Drivers and Pedestrians Safely Sharing the Road

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Drivers and Pedestrians Safely Sharing the Road

Children younger than 14 years of age are at risk of being involved in traffic related pedestrian crashes because of their size and cognitive ability. Whether it is a walk to school or the park, pedestrian survival skills are a must. Walking is a child’s first form of transportation. A child will walk long before he or she will ride a bicycle or even drive a vehicle.

Pedestrian Safety Tips for Drivers

  1. Everyone is responsible for pedestrian safety: Always be on the lookout for pedestrians, especially in areas where you know they may be present. Be aware that pedestrians may not walk at crosswalks or intersections. Avoid distractions and look for pedestrians everywhere, safety is a shared responsibility.
  2. Look for children: Children do not always follow the traffic signs and signals or cross the street in a crosswalk. Children may run into the street without looking and without warning. Be cautious and alert on neighborhood streets, near parks, playgrounds, and in school zones where pedestrians may appear suddenly.
  3. Follow traffic signs and signal and always give pedestrians the right of way: There are several pedestrian signs and signals that require drivers to yield the right of way to pedestrians. Be aware that pedestrians do not always follow the traffic signals. Pedestrians may walk when the “Don’t Walk” signal is present, or jaywalk, or dart out in traffic. When you are operating a vehicle, you have accepted a heightened responsibility for pedestrians and bicyclists on the road. Always remain attentive.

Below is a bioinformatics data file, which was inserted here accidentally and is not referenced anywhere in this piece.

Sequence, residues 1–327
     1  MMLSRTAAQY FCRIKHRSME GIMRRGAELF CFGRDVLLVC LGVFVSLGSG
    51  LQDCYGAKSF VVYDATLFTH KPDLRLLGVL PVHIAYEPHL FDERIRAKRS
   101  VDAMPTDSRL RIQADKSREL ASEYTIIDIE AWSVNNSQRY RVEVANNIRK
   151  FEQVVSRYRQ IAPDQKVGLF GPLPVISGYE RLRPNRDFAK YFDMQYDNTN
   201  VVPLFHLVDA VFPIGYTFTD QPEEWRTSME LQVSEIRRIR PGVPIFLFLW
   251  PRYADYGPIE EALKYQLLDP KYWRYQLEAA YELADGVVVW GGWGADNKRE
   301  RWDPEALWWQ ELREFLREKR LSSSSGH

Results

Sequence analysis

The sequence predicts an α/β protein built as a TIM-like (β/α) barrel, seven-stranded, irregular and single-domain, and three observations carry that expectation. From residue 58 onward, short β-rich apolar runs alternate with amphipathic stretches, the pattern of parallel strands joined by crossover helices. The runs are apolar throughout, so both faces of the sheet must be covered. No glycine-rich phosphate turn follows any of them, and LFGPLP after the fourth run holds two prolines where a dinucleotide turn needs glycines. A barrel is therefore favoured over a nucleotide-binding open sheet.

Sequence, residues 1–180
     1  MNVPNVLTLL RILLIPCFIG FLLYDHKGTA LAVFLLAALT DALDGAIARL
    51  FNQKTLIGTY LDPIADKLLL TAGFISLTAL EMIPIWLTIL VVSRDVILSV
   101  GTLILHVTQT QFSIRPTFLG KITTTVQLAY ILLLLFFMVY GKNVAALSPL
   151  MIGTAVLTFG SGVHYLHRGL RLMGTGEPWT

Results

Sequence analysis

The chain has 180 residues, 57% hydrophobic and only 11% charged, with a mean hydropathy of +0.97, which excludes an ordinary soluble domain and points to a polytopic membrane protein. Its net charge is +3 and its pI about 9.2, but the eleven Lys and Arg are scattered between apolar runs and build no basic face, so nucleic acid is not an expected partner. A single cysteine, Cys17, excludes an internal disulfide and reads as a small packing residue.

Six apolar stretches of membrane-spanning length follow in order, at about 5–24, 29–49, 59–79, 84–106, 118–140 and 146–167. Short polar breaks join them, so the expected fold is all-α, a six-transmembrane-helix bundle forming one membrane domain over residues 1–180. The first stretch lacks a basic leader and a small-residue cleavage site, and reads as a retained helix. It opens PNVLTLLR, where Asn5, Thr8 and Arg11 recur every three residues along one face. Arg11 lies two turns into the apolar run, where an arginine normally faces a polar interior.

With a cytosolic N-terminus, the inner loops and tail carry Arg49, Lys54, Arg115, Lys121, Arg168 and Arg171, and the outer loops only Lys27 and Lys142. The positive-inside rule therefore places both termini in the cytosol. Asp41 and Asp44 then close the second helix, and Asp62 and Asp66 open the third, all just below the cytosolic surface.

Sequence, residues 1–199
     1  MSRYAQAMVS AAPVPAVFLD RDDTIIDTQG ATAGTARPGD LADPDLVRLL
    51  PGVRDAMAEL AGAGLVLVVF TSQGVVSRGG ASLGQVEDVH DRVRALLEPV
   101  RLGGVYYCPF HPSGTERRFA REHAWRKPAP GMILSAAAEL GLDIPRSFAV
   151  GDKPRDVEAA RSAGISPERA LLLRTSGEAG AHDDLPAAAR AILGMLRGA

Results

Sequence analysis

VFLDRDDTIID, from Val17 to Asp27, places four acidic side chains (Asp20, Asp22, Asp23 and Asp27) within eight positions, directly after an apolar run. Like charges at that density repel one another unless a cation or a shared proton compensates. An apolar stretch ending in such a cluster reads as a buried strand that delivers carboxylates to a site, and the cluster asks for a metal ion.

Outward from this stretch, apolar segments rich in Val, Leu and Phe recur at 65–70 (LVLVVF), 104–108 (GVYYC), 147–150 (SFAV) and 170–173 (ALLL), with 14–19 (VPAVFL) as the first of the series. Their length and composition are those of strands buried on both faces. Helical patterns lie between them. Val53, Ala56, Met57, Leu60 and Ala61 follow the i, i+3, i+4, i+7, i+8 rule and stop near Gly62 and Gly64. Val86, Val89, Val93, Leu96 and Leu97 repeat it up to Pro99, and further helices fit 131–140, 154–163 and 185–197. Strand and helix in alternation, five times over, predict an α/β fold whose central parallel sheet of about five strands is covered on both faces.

4. Look before turning at an intersection: When you are getting ready to make a turn, always look ahead to see if there’s a pedestrian crossing or preparing to cross the street. Make eye contact and give a pedestrian the right of way.
  5. Crosswalk rules: Always yield to pedestrians in a crosswalk. When approaching a crosswalk, reduce your speed and be prepared to stop. Never block a crosswalk when stopped at an intersection. Stop well back from the crosswalk to leave enough room in the crosswalk for pedestrians to walk. Never attempt to go around other vehicles stopped at a crosswalk.
  6. Be careful when passing a stopped vehicle: Children may dart out from in front of a stopped vehicle, or the vehicle passenger may open the door without warning. Vehicles that are stopped in the roadway may be yielding to pedestrians crossing the street. Do not pass a stopped vehicle unless you are sure the roadway is clear.
  7. Never assume a pedestrian sees you: Always make eye contact with a pedestrian and confirm they know the direction you are moving, whether straight or turning, and remember to give the pedestrian the right of way.
  8. Maximize your ability to see when driving during low light or inclement weather: At night or during rainy, snowy, or otherwise tough driving weather, overall visibility is limited, making it difficult to see pedestrians. Not only is it more difficult for drivers to see oncoming pedestrians, it is harder for pedestrians to see drivers.  Keep your windshield clean and clear of debris. Make sure your headlights are on and you use your turn signals so you can more easily see pedestrians and they can more easily see you.
  9. Be extra cautious when backing up: When backing up, continue to check your rearview mirror as well as your side mirrors and around your vehicle for pedestrians, especially children who may run behind your vehicle unexpectedly. Be especially careful in driveways and parking lots.
  10. Safety at stopped school buses and school drop off: Never pass a stopped school bus. When children are exiting the school bus, they may cross the street without looking and children are not always easy to see near the school bus. At the school drop off area, be sure to follow all school drop off procedures carefully. Avoid double parking, as it blocks visibility, and never let children exit the vehicle across the street from the school.

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